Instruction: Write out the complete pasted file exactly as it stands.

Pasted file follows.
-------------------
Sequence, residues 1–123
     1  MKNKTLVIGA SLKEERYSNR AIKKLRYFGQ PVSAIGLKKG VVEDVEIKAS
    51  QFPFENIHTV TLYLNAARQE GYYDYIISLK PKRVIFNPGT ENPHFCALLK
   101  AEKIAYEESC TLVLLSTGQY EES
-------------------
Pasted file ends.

Sequence, residues 1–123
     1  MKNKTLVIGA SLKEERYSNR AIKKLRYFGQ PVSAIGLKKG VVEDVEIKAS
    51  QFPFENIHTV TLYLNAARQE GYYDYIISLK PKRVIFNPGT ENPHFCALLK
   101  AEKIAYEESC TLVLLSTGQY EES